Thought Experiment 59: Medical Research

Here's another Question for you. I'd love to know what your answers are!

By controlling medical research funds, you are in the position to guarantee that a cure will be found in 15 years for any disease you choose. Unfortunately, no progress on any others would be made during that period. Would you target one disease? If so, which one and why?

This one would be tough. If I control funds to channel them all to one disease, people who have all the other diseases would come after me with burning brands and pitchforks. But it could mean a cure that we don't have now. I think it would be a great idea, if after finding the cure, we could then do it again with the next disease for 15 years and again find a cure. It would take awhile, but it would be guaranteed success.

But then I have to choose a disease. I would choose something that gave the greatest life return to the most people. For instance, it would probably be something that affects children because they would have the greatest life expectancy after the cure. They would benefit the most. But it would have to affect a significant part of the population. So it would have to be something really common.

Also, I think it would be best to target a disease that kills, or kills over time, as opposed to a disease that can be managed with medication, such as depression, even though that would be awesome to cure.

So I'd have to crunch the numbers to say for sure. Maybe heart disease? Because that would affect people of all ages, and it's one of the top killers, if not number one.

When I was thinking about my answer, I remember hearing on a science podcast recently that science is really scattered and disjointed. Each institution does its own thing. No one coordinates studies or findings. There is no protocol that is implemented so that findings can be combined. (Yes, meta studies are done, but they are often very flawed and unreliable because the data is collected in such diverse ways and under different conditions that aren't really conducive to comparisons with other studies)

What if there were a central data pool? What if great minds pooled the data, saw what had been done, figured out where the gaps were in the current research and suggested new studies that would be really useful, and suggested protocols for studies that would help make them useful to more scientists?

So for example, say my specialty is depression. There would be database for all brain-related research, then mood disorders, etc, so that you could filter the data appropriately. Then once I got to depression research, I could look over a chart to see what has been done, how long ago, what the results were (both positive and negative, instead of the file drawer effect we have now where only positive studies get any attention), and on and on. Then I could see that there is a gap in depression research regarding sunlight/ vitamin D exposure in children. So then I could log in and put my name and research facility in that spot to tell others that's what I'm working on.

When I publish my findings, I'd have them added to this database so that there is a central repository, instead of information scattered all over the place, not working together.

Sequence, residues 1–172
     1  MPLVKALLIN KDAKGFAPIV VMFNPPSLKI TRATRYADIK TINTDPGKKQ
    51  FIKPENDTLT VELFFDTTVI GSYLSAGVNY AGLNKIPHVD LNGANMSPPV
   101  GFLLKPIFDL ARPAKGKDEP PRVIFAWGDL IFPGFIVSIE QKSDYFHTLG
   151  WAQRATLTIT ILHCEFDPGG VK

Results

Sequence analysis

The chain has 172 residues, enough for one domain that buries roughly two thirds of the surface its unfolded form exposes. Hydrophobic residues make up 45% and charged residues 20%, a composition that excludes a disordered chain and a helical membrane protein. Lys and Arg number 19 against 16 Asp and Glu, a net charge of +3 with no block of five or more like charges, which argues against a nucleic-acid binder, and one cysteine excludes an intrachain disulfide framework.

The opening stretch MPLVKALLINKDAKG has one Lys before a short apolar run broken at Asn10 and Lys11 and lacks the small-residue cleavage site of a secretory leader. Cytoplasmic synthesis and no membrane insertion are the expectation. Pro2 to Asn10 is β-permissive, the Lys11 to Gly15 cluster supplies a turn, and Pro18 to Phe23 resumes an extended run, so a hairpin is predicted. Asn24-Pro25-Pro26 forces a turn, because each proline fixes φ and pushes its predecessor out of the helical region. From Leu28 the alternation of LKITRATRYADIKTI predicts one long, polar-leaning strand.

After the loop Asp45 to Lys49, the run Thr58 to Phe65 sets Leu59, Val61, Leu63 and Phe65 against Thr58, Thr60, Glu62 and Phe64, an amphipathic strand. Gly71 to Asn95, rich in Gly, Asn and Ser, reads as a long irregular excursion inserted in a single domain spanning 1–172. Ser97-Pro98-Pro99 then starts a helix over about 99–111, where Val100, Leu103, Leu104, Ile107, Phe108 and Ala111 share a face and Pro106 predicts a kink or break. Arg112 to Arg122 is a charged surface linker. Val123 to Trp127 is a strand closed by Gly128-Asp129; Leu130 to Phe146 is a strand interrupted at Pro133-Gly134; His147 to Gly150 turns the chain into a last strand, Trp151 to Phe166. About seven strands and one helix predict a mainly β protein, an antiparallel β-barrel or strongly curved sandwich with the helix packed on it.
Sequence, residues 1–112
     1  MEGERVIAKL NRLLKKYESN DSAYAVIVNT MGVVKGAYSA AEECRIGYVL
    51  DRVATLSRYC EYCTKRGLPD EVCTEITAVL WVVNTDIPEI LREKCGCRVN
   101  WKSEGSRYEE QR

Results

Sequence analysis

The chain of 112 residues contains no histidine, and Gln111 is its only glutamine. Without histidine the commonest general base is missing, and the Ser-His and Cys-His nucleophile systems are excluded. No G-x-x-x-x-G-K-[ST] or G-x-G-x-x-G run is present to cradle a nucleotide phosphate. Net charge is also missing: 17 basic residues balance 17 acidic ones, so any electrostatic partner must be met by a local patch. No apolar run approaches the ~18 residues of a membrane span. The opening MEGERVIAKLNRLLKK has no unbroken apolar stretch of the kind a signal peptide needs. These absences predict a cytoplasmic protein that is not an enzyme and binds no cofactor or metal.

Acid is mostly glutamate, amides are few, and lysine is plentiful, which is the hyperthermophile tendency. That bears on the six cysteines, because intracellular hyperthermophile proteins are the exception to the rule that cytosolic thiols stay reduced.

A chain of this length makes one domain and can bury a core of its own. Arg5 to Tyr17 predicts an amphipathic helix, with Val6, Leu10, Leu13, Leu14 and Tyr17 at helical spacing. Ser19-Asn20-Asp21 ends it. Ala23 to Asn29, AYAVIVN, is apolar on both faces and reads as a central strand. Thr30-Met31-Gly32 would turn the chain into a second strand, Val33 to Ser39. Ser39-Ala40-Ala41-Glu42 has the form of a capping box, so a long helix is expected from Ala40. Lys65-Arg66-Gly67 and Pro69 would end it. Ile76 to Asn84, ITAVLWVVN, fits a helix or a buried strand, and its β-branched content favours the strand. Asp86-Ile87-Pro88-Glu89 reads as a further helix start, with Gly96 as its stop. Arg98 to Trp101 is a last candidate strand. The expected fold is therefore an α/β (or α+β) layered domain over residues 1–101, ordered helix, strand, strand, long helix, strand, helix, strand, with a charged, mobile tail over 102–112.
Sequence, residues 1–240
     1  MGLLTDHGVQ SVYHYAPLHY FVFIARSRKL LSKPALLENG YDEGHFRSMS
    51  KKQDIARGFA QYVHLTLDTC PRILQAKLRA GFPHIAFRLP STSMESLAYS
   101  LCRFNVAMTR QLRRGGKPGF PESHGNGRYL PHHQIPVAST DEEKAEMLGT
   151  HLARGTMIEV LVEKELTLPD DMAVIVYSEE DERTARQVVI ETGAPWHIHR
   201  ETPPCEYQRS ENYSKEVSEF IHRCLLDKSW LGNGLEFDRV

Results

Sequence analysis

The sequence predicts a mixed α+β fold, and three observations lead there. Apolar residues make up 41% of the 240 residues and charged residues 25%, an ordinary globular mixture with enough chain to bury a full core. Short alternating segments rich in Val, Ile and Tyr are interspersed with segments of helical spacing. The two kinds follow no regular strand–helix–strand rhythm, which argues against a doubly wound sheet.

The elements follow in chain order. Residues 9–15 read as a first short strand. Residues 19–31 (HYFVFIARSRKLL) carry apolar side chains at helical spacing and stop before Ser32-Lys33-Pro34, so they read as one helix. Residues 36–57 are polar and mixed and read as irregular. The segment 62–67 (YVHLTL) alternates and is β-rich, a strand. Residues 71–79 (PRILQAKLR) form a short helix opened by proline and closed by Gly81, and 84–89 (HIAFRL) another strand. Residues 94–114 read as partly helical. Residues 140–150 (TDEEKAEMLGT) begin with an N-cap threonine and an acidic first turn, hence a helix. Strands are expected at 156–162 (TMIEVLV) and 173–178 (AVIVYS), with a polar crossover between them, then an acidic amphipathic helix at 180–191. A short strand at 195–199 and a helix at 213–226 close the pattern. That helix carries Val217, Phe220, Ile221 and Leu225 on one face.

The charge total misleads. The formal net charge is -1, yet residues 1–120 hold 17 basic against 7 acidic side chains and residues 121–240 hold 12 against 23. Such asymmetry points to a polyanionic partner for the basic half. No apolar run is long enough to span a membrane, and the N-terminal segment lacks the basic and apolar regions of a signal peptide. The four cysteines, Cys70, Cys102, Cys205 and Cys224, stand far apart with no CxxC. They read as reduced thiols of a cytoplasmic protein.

Then other scientists can come along and see that I got promising results in my study so they can do other studies that replicate what I did or do something similar to expand the findings.

It seems like if we had a central repository for research it would be really helpful, and research facilities would make better use of their grants and time.

So what is your answer about the question? And what do you think of my idea?


  1. To a great extent, the "central repository" database for medical scientific research is the National Library of Medicine. If research has been published, it has been catalogued in the NLM database. Internet access to that collection allows medical researchers to find what other researchers are doing fairly quickly. The Library of Congress is also a huge database that anyone can search.

  2. My obvious choice is cancer. As I get older the chances that I get some sort of cancer goes up. It's pure selfishness, but knowing my luck I'd get killed right after getting my anti-cancer vaccine by a falling piano.

  3. Thanks so much, Dee. I didn't realize this. I thought if a study had negative results usually it was just sort of filed and never published.
    But it's good to know there are central repositories. :)

  4. Well, Andrew, you're not alone. I think a lot of people would choose cancer, and there would probably be a slightly personal reason, since it's so common.

    Keep an eye out for those falling pianos! :P

  5. Hmm, I would say AIDS for several reasons. Firstly, there is no really good way to control it. The cocktail of drugs guarantees it eventually becomes immune to treatment. Also, it probably would benefit the most people, especially in areas where modern medicine isn't very prevalent, such as Africa. Lastly, by curing AIDS you would make people less susceptible to disease, which would be useful while you choose your next target.